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Re: [ClimbSoHigh] NEAR MISS REPORT: The stupid mistakes edition [In reply to]
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ClimbSoHigh wrote:
I have a suggestion for gri gri's that I do not see many climbers do, that will help mitigate gri gri failures. Everytime I lead a sport climb, I double check the knots and set ups like most people do/should. As most posters have hinted to, even with this double and tripple check, we all get distracted once in a while and glance over things and a back threaded gri gri doesn't jump out like "dude, your not tied in" does. My advice before every climb with a gri gri belayer, is to do your check on knots, biners, belay device, and harness, then do the tug test. I simply grab my tie in (to make sure I am tugging on the right end, and to tripple check that knot after making a knot mistake years ago), walk my hands along the rope to where it is connected to my belayer, then I give it a yank to verify the gri gri is threaded correctly, and is not gummed up or frozen. It gives my physical proof the device is working and will lock in a fall before I leave the ground.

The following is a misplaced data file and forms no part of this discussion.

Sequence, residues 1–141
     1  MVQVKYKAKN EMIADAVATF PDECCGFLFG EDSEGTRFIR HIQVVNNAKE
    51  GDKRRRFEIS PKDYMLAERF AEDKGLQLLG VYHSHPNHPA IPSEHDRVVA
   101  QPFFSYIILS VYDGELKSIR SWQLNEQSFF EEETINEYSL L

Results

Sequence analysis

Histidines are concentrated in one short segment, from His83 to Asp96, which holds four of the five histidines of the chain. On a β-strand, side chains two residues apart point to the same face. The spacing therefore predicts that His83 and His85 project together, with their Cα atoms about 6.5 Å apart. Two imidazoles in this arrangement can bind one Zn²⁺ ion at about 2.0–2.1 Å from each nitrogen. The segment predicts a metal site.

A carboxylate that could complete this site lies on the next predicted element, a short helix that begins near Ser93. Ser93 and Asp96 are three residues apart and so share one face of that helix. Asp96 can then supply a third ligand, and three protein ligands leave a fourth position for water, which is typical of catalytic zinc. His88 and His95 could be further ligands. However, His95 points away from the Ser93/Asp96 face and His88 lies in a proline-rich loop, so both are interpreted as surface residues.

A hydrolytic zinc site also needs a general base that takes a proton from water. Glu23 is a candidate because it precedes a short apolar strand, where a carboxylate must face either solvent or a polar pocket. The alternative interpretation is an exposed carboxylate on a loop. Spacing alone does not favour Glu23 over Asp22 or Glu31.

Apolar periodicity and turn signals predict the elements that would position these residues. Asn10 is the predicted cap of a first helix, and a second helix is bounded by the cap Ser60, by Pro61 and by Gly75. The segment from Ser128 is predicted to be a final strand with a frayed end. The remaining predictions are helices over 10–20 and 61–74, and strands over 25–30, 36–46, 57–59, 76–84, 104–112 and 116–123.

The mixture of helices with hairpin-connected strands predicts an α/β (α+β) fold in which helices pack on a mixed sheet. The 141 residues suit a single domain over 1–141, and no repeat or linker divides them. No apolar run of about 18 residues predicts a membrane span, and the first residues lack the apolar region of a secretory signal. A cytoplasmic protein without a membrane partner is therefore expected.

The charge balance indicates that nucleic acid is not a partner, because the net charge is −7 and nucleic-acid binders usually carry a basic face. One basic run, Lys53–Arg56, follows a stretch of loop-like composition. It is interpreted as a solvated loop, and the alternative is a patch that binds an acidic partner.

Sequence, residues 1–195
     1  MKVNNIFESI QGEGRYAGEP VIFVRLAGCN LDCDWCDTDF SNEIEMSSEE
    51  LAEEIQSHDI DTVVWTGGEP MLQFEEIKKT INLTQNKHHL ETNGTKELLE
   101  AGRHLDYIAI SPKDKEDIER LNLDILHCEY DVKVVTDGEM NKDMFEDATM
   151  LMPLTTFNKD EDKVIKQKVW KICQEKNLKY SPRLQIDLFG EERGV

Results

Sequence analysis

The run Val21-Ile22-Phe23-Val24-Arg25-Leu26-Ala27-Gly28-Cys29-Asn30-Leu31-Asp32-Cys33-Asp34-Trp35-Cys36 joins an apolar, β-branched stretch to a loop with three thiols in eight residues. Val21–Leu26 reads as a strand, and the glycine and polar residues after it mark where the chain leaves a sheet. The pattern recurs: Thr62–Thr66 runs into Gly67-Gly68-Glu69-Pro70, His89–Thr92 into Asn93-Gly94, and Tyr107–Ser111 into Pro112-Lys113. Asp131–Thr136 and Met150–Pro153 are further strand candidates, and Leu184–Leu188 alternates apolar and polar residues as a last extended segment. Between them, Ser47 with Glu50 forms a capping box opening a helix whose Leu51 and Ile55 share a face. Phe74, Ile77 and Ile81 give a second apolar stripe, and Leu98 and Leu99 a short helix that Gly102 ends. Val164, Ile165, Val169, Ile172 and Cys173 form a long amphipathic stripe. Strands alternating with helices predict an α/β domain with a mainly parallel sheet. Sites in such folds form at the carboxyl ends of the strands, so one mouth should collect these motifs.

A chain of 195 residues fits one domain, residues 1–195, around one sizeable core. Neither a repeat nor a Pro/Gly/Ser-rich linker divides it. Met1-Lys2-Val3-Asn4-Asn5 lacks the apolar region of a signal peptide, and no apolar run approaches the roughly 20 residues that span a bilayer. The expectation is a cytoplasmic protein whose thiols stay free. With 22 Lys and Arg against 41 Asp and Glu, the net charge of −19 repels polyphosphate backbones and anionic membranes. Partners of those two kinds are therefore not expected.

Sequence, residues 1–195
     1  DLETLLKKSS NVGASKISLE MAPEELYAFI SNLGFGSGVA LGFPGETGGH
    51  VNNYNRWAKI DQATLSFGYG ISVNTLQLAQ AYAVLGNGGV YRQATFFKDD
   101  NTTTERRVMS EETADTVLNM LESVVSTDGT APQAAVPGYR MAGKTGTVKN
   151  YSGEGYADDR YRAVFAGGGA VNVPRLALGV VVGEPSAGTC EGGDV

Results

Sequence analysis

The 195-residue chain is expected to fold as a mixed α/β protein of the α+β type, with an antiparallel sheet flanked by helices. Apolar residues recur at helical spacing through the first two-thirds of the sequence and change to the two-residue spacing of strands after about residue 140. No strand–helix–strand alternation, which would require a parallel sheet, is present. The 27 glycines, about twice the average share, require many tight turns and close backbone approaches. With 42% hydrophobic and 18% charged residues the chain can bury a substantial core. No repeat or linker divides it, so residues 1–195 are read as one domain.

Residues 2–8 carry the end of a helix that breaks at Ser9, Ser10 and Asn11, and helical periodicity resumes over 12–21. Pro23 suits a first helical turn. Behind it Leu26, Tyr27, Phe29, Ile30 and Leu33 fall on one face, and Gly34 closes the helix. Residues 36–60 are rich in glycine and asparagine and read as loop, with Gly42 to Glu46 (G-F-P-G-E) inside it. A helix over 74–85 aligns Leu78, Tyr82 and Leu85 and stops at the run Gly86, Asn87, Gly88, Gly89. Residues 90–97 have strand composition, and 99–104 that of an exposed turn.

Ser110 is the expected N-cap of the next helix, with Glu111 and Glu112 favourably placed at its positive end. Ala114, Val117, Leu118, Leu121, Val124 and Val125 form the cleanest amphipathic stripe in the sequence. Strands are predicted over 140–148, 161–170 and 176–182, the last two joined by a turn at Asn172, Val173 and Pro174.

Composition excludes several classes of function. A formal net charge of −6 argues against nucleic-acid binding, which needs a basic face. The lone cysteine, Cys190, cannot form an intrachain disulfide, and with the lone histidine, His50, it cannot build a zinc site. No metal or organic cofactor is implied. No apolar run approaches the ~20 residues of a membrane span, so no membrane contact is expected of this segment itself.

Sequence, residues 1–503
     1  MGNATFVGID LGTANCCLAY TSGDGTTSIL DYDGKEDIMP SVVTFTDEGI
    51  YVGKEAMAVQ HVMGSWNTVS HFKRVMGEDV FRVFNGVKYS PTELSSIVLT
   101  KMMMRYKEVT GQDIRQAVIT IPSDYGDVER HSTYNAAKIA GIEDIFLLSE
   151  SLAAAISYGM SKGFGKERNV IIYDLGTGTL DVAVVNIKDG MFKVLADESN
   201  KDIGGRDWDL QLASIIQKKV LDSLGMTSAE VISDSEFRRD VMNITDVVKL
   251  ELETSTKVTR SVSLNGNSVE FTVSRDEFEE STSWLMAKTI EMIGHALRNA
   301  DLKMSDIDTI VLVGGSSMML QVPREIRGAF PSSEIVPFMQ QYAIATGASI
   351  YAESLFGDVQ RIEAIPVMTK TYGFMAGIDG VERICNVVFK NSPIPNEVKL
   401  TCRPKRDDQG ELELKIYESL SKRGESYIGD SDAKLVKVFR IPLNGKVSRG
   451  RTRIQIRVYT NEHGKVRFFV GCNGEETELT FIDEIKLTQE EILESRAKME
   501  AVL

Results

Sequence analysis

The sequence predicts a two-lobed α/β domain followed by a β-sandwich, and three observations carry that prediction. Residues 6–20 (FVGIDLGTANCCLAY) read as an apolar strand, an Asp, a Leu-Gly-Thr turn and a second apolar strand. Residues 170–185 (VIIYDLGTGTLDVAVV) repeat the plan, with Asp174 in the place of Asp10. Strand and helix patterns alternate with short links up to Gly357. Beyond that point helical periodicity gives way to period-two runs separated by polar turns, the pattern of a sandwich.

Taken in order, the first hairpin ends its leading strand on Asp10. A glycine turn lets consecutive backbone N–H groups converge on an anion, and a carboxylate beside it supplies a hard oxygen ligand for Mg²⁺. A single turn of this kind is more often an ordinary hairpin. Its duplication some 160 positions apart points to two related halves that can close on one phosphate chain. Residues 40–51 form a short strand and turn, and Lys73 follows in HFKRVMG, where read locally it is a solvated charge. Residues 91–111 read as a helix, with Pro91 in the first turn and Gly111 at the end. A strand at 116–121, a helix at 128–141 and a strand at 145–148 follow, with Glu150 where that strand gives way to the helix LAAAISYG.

Ugh. See above for this. Stop tugging your partners.

In reply to:
And for my 2 stories that come to mind...

1. A bunch of years ago I worked out the moves to my first 5.12a climb but was too weak at the end of the day to send. The next morning I ran to my climb, tied in, threw my shoes on, and started rehearsing my moves in the air while my buddy caught up and set up the belay. After a quick safty check, I was off, and flashed it. Totally psyched I clipped the quick clips, yelled take in excitement, leaned back into my harness once I felt the rope go tight, and suddenly started to invert. Shocked I quickly grabbed my rope and corrected myself, then looked down and saw that I had only tied in to my leg loop tie in (the 8 was well dressed though!). Wouldn't have decked or anything, but could have had a nasty inverted helmetless whipper into a block had I blown the final crux. I went from pure excitement and joy, to ashamed and disapointed with myself, before I even got back to the ground. So my first 12a is actually an embarasing memory, not a triumphant one, and I flashed it none the less.

Wanna make a bet that you flashed it?

In reply to: